4. Hiadunewich MA, et al. Intensive hemodialysis associated with improved pregnancy outcomes: A Canadian and United States Cohort Comparison. J Am Soc Nephrol 2014; 25:1103–1109.

5. Hou S. Pregnancy in dialysis patients: Where do we go from here? Semin Dial 2003; 16:376–378.

6. Bagon JA, et al. Pregnancy and dialysis. Am J Kidney Dis 1998; 31:756–765.

7. Krane NK, Hamrahian M. Pregnancy: Kidney diseases and hypertension. Am J Kidney Dis 2007; 49:336–345.

8. Ginsberg JS, et al. Heparin therapy during pregnancy. Risks to the fetus and mother. Arch Intern Med 1989; 149:2233–2236.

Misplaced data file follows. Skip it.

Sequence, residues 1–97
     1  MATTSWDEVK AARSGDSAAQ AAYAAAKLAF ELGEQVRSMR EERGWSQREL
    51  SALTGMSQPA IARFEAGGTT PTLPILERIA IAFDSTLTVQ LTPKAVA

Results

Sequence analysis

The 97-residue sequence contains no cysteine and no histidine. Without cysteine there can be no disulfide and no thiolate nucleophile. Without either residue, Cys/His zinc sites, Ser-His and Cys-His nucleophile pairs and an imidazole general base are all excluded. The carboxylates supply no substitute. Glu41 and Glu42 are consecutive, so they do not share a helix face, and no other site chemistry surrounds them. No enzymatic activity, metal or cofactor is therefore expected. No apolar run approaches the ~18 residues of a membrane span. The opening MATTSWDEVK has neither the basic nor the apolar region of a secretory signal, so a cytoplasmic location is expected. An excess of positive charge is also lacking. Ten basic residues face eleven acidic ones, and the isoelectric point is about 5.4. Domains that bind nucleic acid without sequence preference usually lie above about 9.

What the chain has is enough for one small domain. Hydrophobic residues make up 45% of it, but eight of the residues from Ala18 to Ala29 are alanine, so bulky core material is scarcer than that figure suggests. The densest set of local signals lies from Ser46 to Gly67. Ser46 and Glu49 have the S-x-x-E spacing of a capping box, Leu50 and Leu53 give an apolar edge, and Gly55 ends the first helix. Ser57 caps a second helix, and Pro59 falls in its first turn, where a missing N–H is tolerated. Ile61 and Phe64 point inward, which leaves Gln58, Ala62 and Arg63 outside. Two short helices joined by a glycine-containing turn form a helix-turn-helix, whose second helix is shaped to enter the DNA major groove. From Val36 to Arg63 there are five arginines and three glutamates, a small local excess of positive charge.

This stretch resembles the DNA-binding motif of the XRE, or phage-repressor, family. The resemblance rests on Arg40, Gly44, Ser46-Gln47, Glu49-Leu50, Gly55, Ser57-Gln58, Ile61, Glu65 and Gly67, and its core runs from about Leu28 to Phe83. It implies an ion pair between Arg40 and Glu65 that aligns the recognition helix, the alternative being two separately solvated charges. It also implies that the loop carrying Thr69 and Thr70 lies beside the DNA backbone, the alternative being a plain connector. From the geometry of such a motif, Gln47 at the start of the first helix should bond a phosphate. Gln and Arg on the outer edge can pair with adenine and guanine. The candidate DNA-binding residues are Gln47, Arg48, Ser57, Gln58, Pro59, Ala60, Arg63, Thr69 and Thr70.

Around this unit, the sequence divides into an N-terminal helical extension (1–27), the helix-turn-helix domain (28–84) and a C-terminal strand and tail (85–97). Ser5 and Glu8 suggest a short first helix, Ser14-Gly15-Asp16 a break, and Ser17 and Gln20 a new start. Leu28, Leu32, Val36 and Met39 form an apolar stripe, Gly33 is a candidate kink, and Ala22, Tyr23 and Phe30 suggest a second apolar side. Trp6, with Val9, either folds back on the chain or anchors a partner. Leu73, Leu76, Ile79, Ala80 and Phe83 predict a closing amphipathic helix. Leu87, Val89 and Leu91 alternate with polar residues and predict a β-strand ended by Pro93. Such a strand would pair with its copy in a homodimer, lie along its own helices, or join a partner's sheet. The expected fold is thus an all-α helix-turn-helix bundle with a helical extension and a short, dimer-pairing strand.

9. Briggs GG, Freeman RK, Jaffe SJ. Drugs in Pregnancy and Lactation, Baltimore, MD, Williams and Wilkins, 1994.

10. Hou SH, et al. Pregnancy in women with end stage renal disease: Treatment of anemia and premature labor. Am J Kidney Dis 1993; 21:16–22.

11. Zanjani ED, et al. Erythropoietin does not cross the placenta into the fetus. Pathobiology 1993; 61:211–215.

12. Redrow M, et al. Dialysis in the management of pregnant patients with renal insufficiency. Medicine (Baltimore) 1998; 67:199–208.

13. Bolwey DL, Warady BA. Neonatal outcome in pregnancies associated with renal replacement therapy. Adv Ren Replace Ther 1998; 5:45–52.

February 2017 (Vol 9, Number 2)